New York State Funeral Directors Association

"There are no online reviews for hospices,” I said to my 79-year-old brother shortly after he announced he was stopping dialysis.

Though we knew his decision made this the first day of the rest of his life, we both laughed. Jack had been hospitalized for months with pneumonia, serious heart and kidney problems.

In his condition, I would have made the same choice.

Editor's note: Steven published this post in 2012, about two months after his mother passed away. He learned things he didn't know about her from a box of writings he found after she died, all of which he transcribed and posted on a blog as a memorial to her. See below for a link!

Sitting in my parents' living room last November, my mother, Connie, pulled a folder out of a box by her chair.

Inside the box and folders were stories, stories my mom had written over the years in her spare time or in writing classes.

I'm sure I'd seen the box or folders before, but I'd never taken the time to read through the stories it contained.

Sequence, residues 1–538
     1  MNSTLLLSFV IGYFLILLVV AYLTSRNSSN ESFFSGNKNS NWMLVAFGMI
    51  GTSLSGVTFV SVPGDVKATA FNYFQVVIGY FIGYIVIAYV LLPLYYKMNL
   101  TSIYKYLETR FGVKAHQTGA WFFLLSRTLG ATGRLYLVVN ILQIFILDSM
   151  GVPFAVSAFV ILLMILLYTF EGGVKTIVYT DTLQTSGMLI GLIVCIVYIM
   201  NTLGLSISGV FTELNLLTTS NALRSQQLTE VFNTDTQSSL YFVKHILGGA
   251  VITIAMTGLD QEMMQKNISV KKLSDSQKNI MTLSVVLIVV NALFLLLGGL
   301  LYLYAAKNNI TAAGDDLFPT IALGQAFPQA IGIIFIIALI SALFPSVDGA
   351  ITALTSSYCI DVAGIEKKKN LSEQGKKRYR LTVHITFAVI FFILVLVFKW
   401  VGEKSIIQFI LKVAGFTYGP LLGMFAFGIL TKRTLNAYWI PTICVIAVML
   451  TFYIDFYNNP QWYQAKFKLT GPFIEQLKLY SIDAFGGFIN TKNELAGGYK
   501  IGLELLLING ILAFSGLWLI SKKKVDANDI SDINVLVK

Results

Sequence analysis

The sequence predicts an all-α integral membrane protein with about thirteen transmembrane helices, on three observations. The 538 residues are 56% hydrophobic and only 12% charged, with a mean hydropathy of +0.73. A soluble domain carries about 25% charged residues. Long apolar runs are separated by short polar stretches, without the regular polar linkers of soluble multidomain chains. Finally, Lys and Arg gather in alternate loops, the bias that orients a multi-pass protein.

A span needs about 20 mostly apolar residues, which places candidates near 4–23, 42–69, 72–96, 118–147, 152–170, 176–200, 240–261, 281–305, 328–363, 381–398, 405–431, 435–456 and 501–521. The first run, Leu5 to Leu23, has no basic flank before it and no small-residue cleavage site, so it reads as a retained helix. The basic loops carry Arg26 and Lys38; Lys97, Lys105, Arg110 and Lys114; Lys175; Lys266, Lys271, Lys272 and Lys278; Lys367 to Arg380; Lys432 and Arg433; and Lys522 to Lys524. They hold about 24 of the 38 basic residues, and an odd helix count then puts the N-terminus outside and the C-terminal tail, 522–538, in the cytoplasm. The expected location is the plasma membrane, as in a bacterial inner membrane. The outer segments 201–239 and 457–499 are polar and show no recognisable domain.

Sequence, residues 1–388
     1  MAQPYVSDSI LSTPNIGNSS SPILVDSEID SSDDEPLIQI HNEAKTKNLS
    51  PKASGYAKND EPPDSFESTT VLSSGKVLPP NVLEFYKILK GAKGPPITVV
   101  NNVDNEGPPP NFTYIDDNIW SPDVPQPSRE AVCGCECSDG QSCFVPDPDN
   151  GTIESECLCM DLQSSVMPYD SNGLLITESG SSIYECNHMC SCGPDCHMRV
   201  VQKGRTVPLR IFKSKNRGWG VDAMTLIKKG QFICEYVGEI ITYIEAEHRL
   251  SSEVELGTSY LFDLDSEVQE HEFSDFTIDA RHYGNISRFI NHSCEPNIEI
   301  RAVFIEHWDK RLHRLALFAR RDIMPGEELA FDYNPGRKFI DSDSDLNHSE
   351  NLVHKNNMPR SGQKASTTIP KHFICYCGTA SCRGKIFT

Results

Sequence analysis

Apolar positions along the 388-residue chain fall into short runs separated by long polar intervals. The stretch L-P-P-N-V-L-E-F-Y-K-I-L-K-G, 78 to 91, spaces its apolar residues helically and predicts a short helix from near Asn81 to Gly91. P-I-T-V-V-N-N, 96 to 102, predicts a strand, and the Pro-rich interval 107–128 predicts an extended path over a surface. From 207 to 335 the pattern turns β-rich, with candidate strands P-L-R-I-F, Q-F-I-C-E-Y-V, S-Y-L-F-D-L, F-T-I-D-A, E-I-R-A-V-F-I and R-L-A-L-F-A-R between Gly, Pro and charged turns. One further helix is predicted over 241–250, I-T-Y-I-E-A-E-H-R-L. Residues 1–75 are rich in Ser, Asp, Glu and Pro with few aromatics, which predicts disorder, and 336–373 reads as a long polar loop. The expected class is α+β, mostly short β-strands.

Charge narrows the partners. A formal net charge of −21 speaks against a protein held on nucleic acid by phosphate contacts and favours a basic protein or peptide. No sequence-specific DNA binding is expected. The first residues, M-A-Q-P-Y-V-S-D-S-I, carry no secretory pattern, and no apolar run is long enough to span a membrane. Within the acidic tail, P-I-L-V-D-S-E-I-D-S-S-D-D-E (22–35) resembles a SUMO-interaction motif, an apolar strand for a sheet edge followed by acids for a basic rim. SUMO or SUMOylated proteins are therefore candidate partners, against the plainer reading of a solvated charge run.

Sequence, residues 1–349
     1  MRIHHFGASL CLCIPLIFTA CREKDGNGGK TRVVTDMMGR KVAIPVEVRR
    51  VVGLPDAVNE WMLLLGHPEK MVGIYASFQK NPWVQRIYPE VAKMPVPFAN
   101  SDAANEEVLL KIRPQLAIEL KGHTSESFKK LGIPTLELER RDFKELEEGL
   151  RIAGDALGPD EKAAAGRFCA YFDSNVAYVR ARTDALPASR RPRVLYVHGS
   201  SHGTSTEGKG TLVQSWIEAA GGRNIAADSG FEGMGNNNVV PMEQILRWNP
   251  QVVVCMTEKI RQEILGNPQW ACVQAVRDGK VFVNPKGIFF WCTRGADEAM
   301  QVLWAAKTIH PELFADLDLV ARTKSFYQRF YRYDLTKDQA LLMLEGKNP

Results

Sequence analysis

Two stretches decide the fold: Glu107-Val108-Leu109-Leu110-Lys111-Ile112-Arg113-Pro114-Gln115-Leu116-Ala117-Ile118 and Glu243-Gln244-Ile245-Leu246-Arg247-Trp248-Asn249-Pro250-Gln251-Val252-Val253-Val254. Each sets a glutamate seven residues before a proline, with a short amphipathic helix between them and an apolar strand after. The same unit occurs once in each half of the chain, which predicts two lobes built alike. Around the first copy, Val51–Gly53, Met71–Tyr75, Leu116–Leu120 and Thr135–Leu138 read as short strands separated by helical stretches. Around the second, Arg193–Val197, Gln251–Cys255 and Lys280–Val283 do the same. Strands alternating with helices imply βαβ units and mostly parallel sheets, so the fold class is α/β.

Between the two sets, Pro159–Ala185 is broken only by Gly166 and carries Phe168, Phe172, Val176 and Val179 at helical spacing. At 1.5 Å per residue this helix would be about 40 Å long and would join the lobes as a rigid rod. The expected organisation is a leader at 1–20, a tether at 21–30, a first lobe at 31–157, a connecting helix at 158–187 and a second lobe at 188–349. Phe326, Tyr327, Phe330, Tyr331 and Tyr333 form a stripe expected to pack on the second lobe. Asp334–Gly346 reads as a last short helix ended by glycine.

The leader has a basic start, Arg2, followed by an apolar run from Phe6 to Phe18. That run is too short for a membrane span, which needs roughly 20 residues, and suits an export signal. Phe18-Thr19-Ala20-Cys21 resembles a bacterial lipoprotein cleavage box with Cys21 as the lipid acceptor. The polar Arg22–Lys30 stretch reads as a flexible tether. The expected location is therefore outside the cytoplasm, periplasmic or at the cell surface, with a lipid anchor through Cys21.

Impending Death Leaves Funeral Director Feeling Helpless

As a funeral director, I do a lot of prearrangements, meaning, I basically set up funerals for people who are still alive.

I’ve gone to people’s houses and different nursing homes to make these arrangements because sometimes people can’t get to me. It’s normal.

So I didn’t think anything of it when I got a call to make a prearrangement at a hospital last week.

Video: Slaves No More

New York's Capital Region honors, re-buries Colonial-era slaves. Found by accident in an unmarked cemetery, scientists pinpointed their African origin and the community held a wake and funeral.

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SympathyNotes is written to stimulate discussion of death and grief. Opinions do not reflect the views of NYSFDA.

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